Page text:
The journalist's role is evolving in ways that I think we're going to have to confront sooner than later. We have a role that goes beyond just telling the world what's going on. To the extent that we are part of what the bad guys want to have happen, the best thing we can do about that fact is to confront it and talk about it. Report about it. Do more journalism about that subject. If we can't unravel ourselves, the next best thing is to say, "We recognize this. Let's put it on the table as one of the big things we talk about, even to the point where it may annoy some of our readers. But we have to do this." And journalists need to cover journalists better than they do. This has always been true.
I would expand your observation to take in the larger subject of risk. We live in a risky world. We always have, though we've just never had quite such concentrated risk, such disproportionate, asymmetrical risk as exists today. And that's going to get more so, not less. But we've lived through our lifetimes with the daily risk of dying in our automobiles, which we seem to be perfectly able to handle as a society even though the carnage is terrible. When crime grew at a fairly enormous rate, we adjusted, and journalists reported on it. What we didn't do when crime shrank at an enormous rate was to adjust our coverage. In fact, I think the press is grossly negligent to the point of malfeasance in the coverage of crime in the 1990s, which left people with the impression that it had never been worse when in fact it had almost never been better. And it is this climate of fear that leads to curbs on civil liberties that were absolutely not necessary. We don't really judge risk properly in our society. And journalists need to actually confront that in a big way. Terrorism is the most visible risk, and it's certainly the most awful one in many respects. You're right, we're part of the process of it being visible. But I wish we'd actually talk in-depth about the question of risk in an open society. You cannot have one without the other.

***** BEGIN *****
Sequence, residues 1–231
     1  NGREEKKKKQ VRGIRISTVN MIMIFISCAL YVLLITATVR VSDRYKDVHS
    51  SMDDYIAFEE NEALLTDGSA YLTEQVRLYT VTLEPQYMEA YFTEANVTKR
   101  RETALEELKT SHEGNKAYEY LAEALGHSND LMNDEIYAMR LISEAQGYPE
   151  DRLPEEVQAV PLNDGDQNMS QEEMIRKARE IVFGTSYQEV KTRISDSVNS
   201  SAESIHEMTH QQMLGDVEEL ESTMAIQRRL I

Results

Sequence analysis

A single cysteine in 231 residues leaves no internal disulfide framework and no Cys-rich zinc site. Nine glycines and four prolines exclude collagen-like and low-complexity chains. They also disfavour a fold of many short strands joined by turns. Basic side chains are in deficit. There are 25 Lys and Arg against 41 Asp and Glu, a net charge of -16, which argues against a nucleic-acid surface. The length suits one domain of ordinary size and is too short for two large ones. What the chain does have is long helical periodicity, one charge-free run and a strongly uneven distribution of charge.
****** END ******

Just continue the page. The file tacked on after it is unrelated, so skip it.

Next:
Jay Rosen is an associate professor of journalism at New York University, where he has taught since 1986, and also a critic and writer concentrating on democracy and the press.